|Elevation||2,120 m (6,960 ft)|
|Prominence||1,598 m (5,243 ft)|
|Isolation||281 km (175 mi)|
|Listing||only Ultra-prominent peak in Somalia|
|Parent range||Fadhisame Mountains|
Mount Bahaya (Somali language: Buurta Baxaya, sometimes spelled Mount Bahaja), also known as Mount Karkoor, is the fourth-tallest mountain in Somalia, after the triple-peaked mountains Mount Shimbiris, Mount Surud Cad, and Mount Warraq and the only Ultra-prominent peak in Somalia with a summit of about 2,100 m (6,900 ft). It is located in the northern Bari region, 60 kilometres (37 mi) east of Bosaso, and 20 kilometres (12 mi) southwest of Qandala, close to the Red Sea. The exact elevation is uncertain, being either 2,065 m (6,775 ft), 2,084 m (6,837 ft), or 2,120 m (6,960 ft). According to one 1974 map from the Defense Mapping Agency, it could even be 2,135 m (7,005 ft) in height.
With a prominence of 1,543 to 1,613 meters, it is an Ultra-prominent peak, making it the 74th to 58th most prominent peak in Africa, and the only definite one in the country of Somalia. The taller Mount Shimbiris could possibly be an Ultra-prominent peak as well, with a measured prominence of 1,495 m (4,905 ft). The mountain is highly elongated in a northwest-southeast direction, leading some to list the southern and northern ends as Bahaya and Karkoor, respectively.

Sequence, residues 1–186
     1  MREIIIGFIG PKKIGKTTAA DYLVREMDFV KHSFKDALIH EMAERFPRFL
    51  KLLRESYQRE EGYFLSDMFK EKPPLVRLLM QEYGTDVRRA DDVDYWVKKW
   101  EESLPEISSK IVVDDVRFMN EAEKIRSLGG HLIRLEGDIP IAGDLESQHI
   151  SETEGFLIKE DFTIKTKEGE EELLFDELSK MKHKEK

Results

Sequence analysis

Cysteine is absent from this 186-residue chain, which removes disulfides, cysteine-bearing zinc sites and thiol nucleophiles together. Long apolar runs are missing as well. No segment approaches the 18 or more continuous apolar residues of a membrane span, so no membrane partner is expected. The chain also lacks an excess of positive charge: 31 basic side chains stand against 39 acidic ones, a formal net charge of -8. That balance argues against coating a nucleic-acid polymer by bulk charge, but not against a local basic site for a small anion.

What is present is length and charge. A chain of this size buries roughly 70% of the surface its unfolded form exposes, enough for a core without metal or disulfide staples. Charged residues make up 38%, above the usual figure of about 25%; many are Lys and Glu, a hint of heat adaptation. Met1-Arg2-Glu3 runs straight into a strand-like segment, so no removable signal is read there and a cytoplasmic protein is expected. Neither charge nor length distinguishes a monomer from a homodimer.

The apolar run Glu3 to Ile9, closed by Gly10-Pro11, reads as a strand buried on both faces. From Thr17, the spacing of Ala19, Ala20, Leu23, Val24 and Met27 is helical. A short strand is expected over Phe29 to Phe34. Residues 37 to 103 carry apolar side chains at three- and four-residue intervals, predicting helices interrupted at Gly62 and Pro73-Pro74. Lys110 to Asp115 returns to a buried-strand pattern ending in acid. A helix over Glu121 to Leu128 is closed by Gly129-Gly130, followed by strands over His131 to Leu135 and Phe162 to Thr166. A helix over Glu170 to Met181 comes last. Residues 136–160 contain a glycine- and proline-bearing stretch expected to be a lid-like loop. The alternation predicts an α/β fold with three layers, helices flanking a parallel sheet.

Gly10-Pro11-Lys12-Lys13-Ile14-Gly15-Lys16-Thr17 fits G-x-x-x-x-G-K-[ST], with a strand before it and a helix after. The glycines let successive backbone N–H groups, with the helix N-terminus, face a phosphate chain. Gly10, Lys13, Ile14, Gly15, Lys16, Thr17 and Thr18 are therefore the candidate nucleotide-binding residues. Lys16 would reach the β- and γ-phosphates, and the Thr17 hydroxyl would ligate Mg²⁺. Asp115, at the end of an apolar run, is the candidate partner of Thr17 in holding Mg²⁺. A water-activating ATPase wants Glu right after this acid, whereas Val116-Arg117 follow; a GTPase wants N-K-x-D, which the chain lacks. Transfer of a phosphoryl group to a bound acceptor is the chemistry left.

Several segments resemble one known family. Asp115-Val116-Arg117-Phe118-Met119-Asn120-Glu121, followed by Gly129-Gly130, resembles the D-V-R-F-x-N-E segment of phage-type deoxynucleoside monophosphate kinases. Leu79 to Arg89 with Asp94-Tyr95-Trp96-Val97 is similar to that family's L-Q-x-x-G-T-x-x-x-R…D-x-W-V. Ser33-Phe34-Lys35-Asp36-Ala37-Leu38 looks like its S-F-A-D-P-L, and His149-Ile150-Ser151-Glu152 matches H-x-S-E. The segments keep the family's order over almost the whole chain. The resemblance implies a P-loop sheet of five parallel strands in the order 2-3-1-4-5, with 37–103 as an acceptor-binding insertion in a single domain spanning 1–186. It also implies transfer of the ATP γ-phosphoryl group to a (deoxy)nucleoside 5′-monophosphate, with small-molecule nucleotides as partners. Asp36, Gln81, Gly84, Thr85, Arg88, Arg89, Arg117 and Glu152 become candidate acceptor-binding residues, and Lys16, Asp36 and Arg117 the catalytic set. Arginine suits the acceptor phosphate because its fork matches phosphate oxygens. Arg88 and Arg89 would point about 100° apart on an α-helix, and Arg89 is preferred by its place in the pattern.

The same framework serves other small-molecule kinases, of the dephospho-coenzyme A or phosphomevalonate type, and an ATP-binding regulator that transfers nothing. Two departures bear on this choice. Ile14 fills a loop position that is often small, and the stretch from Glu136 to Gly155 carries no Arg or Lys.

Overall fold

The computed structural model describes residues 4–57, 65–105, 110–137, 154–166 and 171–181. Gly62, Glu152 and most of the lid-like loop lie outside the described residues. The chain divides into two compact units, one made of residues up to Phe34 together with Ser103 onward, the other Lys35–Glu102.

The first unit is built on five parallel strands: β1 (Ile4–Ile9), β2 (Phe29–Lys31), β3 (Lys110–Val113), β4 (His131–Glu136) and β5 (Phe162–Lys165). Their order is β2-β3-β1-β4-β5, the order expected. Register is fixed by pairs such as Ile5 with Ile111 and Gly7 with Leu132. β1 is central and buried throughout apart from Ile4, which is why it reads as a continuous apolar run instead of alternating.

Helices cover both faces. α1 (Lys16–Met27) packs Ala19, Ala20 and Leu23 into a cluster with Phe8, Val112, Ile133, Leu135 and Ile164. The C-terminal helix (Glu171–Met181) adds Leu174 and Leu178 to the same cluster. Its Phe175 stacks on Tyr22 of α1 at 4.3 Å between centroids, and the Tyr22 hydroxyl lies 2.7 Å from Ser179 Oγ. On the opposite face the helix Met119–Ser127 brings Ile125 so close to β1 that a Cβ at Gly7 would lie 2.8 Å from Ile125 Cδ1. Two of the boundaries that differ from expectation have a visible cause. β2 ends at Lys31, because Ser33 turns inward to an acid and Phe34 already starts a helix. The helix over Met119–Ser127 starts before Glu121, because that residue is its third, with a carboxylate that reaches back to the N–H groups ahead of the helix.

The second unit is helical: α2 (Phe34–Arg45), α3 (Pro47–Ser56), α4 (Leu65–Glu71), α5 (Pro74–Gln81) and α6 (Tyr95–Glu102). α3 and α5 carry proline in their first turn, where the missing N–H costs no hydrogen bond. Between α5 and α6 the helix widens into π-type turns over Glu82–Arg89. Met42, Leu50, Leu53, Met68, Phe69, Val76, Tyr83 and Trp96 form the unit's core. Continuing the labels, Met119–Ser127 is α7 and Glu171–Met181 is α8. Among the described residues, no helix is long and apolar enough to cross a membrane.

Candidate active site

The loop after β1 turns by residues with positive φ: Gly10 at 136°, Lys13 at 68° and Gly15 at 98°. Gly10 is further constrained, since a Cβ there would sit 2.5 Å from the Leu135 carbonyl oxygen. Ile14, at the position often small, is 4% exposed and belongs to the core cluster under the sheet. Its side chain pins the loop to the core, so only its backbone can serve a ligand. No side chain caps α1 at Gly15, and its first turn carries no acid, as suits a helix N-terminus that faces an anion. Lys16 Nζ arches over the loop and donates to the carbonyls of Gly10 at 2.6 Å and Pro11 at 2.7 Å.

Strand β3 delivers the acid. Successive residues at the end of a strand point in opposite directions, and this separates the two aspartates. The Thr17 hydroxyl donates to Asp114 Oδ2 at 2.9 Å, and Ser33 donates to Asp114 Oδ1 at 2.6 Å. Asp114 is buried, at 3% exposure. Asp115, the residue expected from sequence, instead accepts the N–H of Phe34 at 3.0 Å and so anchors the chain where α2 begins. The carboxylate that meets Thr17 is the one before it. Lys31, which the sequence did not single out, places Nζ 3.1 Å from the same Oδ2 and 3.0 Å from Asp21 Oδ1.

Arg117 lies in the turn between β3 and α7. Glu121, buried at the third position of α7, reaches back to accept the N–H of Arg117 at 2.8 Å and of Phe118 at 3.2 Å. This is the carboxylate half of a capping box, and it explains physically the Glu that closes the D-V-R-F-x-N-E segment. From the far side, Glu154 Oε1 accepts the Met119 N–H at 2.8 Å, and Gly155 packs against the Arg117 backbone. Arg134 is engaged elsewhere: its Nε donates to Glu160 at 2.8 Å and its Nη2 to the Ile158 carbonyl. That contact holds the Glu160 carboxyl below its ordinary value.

Mount Bahaya is the tallest peak in the Fadhisame Mountains, which are in northeastern Somalia. The range itself is a small section of the larger Ogo Mountains, which define the northern Horn of Africa in most of Somalia, and which extend further east, their peaks forming the Socotra Archipelago. Bahaya, along with the surrounding range, is mostly made up of the deeply-eroded remnants of an ancient volcanic chain.
- "Worldatlas - Tallest Mountains in Somalia". worldatlas.com. Retrieved 18 March 2017.
- "The Africa 50 Finest Mountains ranked by primary factor". www.ii.uib.no. Retrieved 18 March 2017.
- "Baxaya - Geonames". geonames.org. Retrieved 19 March 2017.
- "Galgodon Highlands : mountains,Somalia : Britannica.com". britannica.com. Retrieved 19 March 2017.